The fire ignited by Earle Page’s 17 February 1931 Glenreagh call for the people of the North to secede from New South Wales drew its strength in part from the now established desire for self-government for the North, more from the social and political tensions unleashed by the Great Depression.
At the outbreak of war in 1914, Australia’s population was just 4.9 million. During the war, 420,000 Australians enlisted, equivalent to 38.7 per cent of the male population. Some 60,000 died, others were wounded or became sick. Including deaths, wounded and sickness, the Australian casualty rate reached 64.8 per cent.
Many Australians returning from the front found readjustment to civilian life difficult. They provided a force for change that helped fuel many of the political movements including the rising Country Party and a resurgent Northern Separation Movement.
There were divisions on the right and left, fuelled in part by the rise of Bolshevism and the success of the Russian Revolution. The radicals looked to the possibility of change, the conservatives feared the overthrow of the existing order.
While the roaring twenties were nowhere near as prosperous as the label would suggest, economic growth was sufficient to contain the underlying divisions. However, that growth was patchy and built on unstable foundations.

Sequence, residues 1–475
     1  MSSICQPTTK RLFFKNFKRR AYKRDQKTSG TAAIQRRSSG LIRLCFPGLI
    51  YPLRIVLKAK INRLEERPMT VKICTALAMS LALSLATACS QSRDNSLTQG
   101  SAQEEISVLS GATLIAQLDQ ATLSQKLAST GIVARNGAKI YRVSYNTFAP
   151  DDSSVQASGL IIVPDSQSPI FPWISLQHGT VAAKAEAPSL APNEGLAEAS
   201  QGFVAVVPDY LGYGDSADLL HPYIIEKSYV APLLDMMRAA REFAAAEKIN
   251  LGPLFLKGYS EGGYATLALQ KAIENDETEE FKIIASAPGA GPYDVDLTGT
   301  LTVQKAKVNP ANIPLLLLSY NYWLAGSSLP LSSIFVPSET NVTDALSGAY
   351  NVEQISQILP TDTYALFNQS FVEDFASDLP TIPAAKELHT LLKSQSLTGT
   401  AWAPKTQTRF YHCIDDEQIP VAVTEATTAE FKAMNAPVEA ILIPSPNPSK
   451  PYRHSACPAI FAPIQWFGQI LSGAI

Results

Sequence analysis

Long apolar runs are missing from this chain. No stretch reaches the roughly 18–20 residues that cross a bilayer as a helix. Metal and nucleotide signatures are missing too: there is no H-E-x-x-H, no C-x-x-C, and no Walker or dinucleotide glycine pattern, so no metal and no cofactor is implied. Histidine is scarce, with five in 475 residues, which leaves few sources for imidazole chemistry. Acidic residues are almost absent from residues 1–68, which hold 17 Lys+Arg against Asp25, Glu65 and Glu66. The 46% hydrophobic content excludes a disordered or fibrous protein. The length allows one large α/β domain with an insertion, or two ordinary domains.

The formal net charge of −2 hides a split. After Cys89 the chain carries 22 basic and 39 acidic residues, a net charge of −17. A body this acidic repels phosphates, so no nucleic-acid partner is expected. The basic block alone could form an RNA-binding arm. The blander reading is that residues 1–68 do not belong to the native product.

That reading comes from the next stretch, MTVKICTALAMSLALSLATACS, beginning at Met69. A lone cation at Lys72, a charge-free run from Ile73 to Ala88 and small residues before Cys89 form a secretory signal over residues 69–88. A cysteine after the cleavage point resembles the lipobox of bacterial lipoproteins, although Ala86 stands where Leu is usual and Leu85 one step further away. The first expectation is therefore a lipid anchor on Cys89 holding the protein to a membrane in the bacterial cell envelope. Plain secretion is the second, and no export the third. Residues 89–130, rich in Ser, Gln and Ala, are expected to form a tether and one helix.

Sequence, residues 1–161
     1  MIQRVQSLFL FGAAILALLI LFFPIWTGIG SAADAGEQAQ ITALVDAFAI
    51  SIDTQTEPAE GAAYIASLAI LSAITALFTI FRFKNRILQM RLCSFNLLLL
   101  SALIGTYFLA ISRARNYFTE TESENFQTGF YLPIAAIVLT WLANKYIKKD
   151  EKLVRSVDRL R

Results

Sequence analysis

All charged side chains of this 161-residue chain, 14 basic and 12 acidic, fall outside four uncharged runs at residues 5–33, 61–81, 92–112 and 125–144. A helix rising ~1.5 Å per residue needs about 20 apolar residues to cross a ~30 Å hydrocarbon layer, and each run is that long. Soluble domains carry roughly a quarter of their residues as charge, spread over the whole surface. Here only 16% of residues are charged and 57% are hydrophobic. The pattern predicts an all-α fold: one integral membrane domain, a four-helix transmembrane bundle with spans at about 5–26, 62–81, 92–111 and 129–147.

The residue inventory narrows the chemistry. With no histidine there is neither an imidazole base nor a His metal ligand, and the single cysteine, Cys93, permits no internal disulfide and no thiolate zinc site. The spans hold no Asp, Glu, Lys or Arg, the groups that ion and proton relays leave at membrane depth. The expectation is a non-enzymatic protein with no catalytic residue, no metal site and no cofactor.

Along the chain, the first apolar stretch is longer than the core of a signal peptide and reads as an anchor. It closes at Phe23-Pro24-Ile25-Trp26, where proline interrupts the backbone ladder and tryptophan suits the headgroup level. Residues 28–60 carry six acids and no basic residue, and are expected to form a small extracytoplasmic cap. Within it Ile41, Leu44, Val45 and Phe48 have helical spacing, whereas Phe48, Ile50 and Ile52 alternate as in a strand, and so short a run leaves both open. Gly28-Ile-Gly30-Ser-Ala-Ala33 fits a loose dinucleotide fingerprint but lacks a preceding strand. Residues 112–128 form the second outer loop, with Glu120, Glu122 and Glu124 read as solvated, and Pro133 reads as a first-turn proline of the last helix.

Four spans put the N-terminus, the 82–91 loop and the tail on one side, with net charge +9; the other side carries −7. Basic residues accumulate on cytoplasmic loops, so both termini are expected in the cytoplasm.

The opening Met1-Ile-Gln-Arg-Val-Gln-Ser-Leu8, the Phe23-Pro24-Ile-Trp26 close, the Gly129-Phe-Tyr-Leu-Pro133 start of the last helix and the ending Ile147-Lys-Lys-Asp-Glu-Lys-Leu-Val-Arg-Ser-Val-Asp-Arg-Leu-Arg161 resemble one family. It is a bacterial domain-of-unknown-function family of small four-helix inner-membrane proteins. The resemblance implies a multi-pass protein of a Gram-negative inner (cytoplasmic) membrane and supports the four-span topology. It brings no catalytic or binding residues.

Rising tariff protection encouraged expansion of manufacturing. In 1925-26 manufacturing employment exceed rural for the first time. Industrialisation was associated with and assisted by heavy expenditure on public works such as railways, electricity, roads and sewerage. The pattern of industrialisation and public works led to further growth in the metropolitan cities.
Metropolitan population growth became self-generating, for the need to house rising city populations added thousands more jobs in building and construction. Productivity growth in manufacturing was extremely low, import competition rising despite rising tariffs.
Industry responded by trying to control or even cut wages, which in turn led to continuing industrial trouble. Meantime, the rising drift of population to the city together with the cost squeeze placed upon primary export industries as a consequence of rising input costs began to fuel a new wave of country political agitation.
In 1929, the economic house of cards collapsed. The previous year new overseas borrowings to fund Government public works programs had reached fifty-two million pounds, while interest payments on accumulated loans had reached 28 per cent of export income.
The perfect economic storm that now descended combined falling commodity prices with the closure of the London markets to new borrowings. Public works ground to a halt, while Governments were forced into a desperate search for solvency leading to Greek style expenditure cuts.
Unemployment rose and rose again, reaching 23.4 per cent by the end of 1930. As economic conditions worsened, previously submerged social and political tensions emerged. Australian society began to fragment.
Note to readers: This post appeared as a column in the Armidale Express Extra on 5 November 2014. I am repeating the columns here with a lag because they are not on line outside subscription. You can see all the Belshaw World and History Revisited columns by clicking here for 2009, here for 2010, here for 2011, here for 2012, here for 2013, here for 2014.
If you want to follow the story of the Northern or New England self-government movement, this is the entry post for the whole series